Presentation on theme: "CHAPTER 8: LANGUAGE ACQUISITION"— Presentation transcript:
1CHAPTER 8: LANGUAGE ACQUISITION Lil AdamsMichelle Ro
2Theories about how children aquire language: ImitationCorrection & Reinforcement (behaviorist)AnalogyConnectionism (behavior, analogy, & reinforcement)Structured InputInnateness Hypothesis
3First Language Acquisition Stages Typical AgeDescriptionBabbling6-8 monthsRepetitive CV patternsOne-word stage or holophrastic stage9-18 monthsSingle open-class words or word stemsTwo-word stage18-24 months"mini-sentences" with simple semantic relationsTelegraphic stage or early multiword stage24-30 months"Telegraphic" sentence structures of lexical rather than functional or grammatical morphemesLater multiword stage30+ monthsGrammatical or functional structures emerge
4Second Language Acquisition Stages Approx. Time FrameDescriptionPreproduction0-6 months"Silent Period," Listening, beginning to understand, points, total physical responseEarly Production6 months -1 year1 or 2 word responses, participates using key words/familar phrases, uses present-verb tenseSpeech Emergence1 - 3 yearsgood comprehension, produces simple sentences, makes grammar and pronunciation errorsImmediate Fluency3 - 5 yearsexcellent comprehension, makes few grammatical errorsAdvanced Fluency5 - 7 yearasnear-native level of speech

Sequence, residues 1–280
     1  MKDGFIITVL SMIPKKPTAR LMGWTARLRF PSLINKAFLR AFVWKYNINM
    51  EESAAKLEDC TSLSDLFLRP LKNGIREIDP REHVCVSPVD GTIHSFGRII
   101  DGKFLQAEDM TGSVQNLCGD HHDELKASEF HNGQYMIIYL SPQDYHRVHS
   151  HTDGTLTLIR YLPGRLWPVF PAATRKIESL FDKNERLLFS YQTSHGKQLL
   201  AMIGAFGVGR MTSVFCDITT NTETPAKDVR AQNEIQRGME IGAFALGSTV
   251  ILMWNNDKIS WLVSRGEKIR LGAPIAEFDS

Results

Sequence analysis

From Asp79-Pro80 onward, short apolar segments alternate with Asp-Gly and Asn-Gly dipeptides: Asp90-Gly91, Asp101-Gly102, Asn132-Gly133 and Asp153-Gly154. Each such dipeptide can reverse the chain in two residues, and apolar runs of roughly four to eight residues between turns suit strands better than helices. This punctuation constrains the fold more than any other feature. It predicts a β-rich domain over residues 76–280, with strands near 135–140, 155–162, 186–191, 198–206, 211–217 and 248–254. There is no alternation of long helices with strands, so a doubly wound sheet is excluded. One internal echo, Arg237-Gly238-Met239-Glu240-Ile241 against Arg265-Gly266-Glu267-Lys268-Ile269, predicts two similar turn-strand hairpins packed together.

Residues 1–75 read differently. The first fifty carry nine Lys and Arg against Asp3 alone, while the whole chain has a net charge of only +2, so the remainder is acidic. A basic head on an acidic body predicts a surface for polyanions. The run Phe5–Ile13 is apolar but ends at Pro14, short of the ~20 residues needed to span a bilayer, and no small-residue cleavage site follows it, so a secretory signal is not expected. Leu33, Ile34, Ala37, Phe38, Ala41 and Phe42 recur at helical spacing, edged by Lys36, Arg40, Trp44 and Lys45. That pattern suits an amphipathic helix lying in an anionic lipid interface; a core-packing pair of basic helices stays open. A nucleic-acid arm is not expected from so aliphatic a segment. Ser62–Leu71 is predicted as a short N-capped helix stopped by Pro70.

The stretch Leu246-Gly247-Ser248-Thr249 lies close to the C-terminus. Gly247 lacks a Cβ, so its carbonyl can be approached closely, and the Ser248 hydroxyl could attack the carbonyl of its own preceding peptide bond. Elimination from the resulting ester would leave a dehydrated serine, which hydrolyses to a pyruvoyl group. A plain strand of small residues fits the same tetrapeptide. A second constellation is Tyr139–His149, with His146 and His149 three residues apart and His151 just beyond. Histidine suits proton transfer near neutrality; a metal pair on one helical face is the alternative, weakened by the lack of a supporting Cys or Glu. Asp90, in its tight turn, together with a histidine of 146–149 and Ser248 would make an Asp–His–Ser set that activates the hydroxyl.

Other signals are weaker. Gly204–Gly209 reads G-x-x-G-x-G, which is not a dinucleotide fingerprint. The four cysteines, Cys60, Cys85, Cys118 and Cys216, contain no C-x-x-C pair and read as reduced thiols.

5The Development of Grammar Phonology: The sound system of a language; the component of a grammar that indicates the inventory of sounds (phonetic and phonemic units) and rules for their combination and pronunciation; the study of the sound systems of all languages.First words are generally monosyllabic with CV (consonant-vowel) form.Children acquire the small set of sounds that are common to all languages before the sounds that are specific to child’s language.Acquisition begins with vowel soundsManner of articulation: Nasals (m, n), glides (j, w), stops (p,t,k), liquids (l,r), fricatives (f), and affricates (t,d).Place of articulation: labials (lips), velars (back part of the tongue against the soft palate), alveolars (tongue against or close to the superior alveolar ridge), and palatals (tongue raised against the hard palate).Can comprehend more phonological contrasts than they can produce. (wabbit – ring, wing)